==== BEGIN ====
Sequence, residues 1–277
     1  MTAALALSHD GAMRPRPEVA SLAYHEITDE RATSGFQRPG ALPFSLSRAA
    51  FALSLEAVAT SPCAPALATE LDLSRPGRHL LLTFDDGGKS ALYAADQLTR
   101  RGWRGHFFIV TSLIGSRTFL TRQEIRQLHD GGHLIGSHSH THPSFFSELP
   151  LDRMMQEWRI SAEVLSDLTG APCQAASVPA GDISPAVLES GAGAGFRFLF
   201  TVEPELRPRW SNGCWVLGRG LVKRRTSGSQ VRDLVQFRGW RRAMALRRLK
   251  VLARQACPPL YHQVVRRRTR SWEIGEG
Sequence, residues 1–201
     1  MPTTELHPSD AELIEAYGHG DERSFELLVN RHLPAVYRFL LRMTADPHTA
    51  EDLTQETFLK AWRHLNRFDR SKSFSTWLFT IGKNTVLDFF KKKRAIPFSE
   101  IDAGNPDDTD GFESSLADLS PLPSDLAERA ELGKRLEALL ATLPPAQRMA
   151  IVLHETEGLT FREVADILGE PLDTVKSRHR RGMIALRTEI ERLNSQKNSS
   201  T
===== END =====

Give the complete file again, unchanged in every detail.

Sequence, residues 1–277
     1  MTAALALSHD GAMRPRPEVA SLAYHEITDE RATSGFQRPG ALPFSLSRAA
    51  FALSLEAVAT SPCAPALATE LDLSRPGRHL LLTFDDGGKS ALYAADQLTR
   101  RGWRGHFFIV TSLIGSRTFL TRQEIRQLHD GGHLIGSHSH THPSFFSELP
   151  LDRMMQEWRI SAEVLSDLTG APCQAASVPA GDISPAVLES GAGAGFRFLF
   201  TVEPELRPRW SNGCWVLGRG LVKRRTSGSQ VRDLVQFRGW RRAMALRRLK
   251  VLARQACPPL YHQVVRRRTR SWEIGEG
Sequence, residues 1–201
     1  MPTTELHPSD AELIEAYGHG DERSFELLVN RHLPAVYRFL LRMTADPHTA
    51  EDLTQETFLK AWRHLNRFDR SKSFSTWLFT IGKNTVLDFF KKKRAIPFSE
   101  IDAGNPDDTD GFESSLADLS PLPSDLAERA ELGKRLEALL ATLPPAQRMA
   151  IVLHETEGLT FREVADILGE PLDTVKSRHR RGMIALRTEI ERLNSQKNSS
   201  T